A comparison of head and version, Data Vault and anchor modeling
In this exercise we are going to evolve our data warehouse from one model to the next based on some simple requirement changes.
To make things more concrete we are going to use the very simple model below.
Our simple model keeps information about products and their categorization. Every category belongs to a cluster. Because we do not keep more information than the cluster’s name the clusters is modeled as a column on the category table.
Here we are skipping a lot of details on implementation from all the methods and focus more on the big differences
Head and version
Our first requirement is to keep history for the product prices and on which category they belong to, as well as the changes that categories go on regarding clustering.
The most flexible and generic way to keep history is by creating a new row for every mutation.
To implement it we can split the columns that we expect to change in a separate table and add a row identifier on that table. For referencing the columns left on the immutable table we can add an id column as object identifier.
So on our model we are bringing price and cluster on separate tables and add ids on those tables. We are adding ids on head tables as well to internally identify the objects. We can now use head_id to reference their corresponding head tables from version tables.
Our DWH implemented as head and version model will look like:
Head and version works well and will handle many requirement changes such as adding new records and data integration. But when it comes to changes like changing relationship cardinality from 1:M to N:M or changing non history attributes to history attributes it will start to give us extra work. So we will have to change the model, migrate data, change ETL/ELT etc.
So why not prevent those cases from the start?
Let’s bring all columns but business key column to history tables and let’s split relationship columns in its own many to many tables.
We are going to make some other small changes. For instance we are going to remove its own ids on the history tables and use the head_ids, which by the way are renamed as id.
We are using ids together with the load date as primary key on the history tables and we are going to rename the tables as well so we can better indicate which tables are hubs, links or satellites.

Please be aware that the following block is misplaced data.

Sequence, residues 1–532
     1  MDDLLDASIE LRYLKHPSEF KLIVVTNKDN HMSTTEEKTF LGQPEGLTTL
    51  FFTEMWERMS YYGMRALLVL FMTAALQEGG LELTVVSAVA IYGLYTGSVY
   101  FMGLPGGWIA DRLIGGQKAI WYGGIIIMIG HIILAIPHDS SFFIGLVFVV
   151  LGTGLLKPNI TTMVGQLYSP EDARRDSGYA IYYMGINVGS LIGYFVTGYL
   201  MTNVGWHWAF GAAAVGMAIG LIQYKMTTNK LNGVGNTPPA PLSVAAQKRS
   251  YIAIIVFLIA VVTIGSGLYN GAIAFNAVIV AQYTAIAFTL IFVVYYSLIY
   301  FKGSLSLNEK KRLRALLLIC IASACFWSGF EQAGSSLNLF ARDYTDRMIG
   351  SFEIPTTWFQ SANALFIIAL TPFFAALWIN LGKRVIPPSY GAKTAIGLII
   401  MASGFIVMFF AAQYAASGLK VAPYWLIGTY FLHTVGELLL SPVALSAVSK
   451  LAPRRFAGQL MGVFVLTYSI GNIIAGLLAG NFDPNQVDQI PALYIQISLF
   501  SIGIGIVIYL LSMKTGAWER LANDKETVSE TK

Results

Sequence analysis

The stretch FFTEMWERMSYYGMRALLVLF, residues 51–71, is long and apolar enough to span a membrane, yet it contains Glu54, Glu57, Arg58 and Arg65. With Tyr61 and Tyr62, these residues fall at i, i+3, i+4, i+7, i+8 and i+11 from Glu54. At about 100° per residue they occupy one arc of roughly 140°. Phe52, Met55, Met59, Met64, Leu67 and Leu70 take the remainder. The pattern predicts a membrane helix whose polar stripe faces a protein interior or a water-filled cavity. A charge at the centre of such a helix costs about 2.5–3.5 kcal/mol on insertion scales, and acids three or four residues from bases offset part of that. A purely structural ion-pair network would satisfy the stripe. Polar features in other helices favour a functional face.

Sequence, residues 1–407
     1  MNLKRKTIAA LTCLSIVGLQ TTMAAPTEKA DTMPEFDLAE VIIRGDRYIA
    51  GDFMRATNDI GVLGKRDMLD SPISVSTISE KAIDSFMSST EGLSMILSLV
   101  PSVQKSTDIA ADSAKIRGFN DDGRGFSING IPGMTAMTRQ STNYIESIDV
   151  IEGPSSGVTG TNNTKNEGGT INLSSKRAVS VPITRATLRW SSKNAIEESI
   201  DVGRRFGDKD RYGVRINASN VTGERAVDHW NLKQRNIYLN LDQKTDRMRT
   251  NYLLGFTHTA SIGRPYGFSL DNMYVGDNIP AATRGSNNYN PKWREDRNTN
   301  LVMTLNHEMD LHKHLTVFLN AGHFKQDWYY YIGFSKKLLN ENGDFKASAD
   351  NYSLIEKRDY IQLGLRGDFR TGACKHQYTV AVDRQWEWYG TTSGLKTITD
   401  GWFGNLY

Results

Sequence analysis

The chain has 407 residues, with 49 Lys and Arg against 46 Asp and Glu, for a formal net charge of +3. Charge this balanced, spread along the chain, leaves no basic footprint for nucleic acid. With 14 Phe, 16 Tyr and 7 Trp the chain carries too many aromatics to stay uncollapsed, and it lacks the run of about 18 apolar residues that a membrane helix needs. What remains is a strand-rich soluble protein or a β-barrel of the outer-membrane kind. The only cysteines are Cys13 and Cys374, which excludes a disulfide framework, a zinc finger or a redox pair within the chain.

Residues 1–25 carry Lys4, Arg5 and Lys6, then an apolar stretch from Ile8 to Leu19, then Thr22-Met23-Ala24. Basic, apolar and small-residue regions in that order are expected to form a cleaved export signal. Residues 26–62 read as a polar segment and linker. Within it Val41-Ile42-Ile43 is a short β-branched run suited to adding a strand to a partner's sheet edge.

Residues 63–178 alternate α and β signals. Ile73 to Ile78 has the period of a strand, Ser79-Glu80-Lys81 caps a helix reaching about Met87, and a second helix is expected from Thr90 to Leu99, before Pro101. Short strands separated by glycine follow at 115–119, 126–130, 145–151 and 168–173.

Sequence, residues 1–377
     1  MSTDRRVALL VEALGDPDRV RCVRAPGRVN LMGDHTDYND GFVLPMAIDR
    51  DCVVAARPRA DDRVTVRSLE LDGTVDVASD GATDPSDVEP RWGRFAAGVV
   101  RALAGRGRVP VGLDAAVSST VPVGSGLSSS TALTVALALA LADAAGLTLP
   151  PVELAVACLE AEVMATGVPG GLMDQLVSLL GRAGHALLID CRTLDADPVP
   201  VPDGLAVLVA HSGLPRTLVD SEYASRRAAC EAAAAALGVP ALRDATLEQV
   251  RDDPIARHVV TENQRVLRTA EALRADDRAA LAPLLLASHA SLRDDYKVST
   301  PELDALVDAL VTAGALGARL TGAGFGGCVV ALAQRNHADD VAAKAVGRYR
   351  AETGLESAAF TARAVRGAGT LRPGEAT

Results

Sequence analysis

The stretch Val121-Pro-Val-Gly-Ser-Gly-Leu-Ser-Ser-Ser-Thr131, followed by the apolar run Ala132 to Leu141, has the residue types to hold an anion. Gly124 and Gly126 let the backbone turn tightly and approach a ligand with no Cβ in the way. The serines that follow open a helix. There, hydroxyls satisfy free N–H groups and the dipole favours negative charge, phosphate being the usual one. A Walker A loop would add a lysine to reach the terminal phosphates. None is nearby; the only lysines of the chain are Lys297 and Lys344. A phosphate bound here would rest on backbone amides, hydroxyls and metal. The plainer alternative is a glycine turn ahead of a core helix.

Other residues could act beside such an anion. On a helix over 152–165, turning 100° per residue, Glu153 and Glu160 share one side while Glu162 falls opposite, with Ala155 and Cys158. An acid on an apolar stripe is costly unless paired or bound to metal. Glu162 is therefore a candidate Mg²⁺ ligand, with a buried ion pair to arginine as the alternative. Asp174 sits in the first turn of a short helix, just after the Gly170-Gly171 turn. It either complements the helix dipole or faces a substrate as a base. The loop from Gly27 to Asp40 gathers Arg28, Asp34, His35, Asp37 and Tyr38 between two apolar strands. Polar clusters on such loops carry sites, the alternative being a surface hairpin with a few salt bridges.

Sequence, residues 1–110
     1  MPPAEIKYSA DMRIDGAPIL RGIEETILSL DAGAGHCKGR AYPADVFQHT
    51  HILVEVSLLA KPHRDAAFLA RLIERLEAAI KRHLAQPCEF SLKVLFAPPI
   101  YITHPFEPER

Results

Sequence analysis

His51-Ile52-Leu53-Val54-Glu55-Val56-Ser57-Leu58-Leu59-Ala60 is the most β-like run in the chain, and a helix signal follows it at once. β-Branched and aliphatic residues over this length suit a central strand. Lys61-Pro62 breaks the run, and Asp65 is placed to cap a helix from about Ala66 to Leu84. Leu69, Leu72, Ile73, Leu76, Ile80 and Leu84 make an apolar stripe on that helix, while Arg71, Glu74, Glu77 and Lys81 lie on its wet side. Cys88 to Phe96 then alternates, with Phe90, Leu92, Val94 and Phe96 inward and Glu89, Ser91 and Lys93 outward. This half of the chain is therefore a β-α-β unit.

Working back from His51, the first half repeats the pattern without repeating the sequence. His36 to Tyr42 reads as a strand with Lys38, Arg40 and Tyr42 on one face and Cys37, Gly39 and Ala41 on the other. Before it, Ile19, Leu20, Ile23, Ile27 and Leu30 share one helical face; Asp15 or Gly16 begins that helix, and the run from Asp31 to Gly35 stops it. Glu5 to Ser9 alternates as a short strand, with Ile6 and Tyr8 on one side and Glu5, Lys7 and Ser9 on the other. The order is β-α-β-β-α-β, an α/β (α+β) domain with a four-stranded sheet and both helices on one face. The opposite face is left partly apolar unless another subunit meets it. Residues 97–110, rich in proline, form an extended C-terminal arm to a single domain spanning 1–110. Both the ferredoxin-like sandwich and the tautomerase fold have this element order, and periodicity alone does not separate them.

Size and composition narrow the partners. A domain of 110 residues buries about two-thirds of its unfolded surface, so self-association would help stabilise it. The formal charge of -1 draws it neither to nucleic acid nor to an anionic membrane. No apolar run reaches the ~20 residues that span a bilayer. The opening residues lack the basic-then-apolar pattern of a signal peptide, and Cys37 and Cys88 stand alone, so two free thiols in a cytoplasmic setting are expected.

Our DWH implemented as Data Vault will look like:
In the model above we created only one satellite per hub but we can have as many satellites as we want per hub/link, giving us the possibility to split the columns in many ways including change frequency.
Data vault works very well and it has the flexibility and agility to accommodate many changes which might come from the business or we might need to implement for technical reasons.
But let’s see how Data Vault handles data integration when the same objects are identified differently on different systems and/or business units.
Let’s assume that in our little example a new model will be loaded where the product is identified by it’s name and the product code does not even exists at all on the new source.
In this case we will have to create a different hub where the business key is the name and link the two product hubs via a same as link which in this case can be easily populated with a simple rule.
This means that on Data Vault modeling the hub does not actually represent a business object but it represents a business key instead.
What if we take the business key columns out of the hub and put them in its own tables?
In the same way we will split every attribute on in its own table.
Now we can combine on the fly whatever combination of columns that is unique and fits our needs and use them as identifier for an object removing the need to create multiple hub/anchor tables for the same business entity.
We are making some other changes on the model like keeping history only for attributes required to. And we are renaming tables to better indicate which ones are anchors, ties and attribute tables.
Our DWH implemented based on anchor modeling will look like:
Keep in mind that with the approach used by anchor modeling there might be some cases to be considered. Take in account the case when:
1. First product with code “apl” arrives from source 1 but the name is null.
2. Than the product with name “Apple” comes from source 2 but the code is null.
3. In a later time the first source brings the information that the product with code “apl” has the name “Apple”.
In this case two entires will be created on “Product anchor” for the same product. Now we need some sort of “same as” tie to keep the information that this two entries represent the same object.
Moving from one method to the other we are adding flexibility to our Data warehouse but in the same time we are adding complicity to it, even though using the right tools this added complexity can be hidden from us.
Each of this methods has it’s own strong and week points and there is no winner. All depends on individual cases and needs.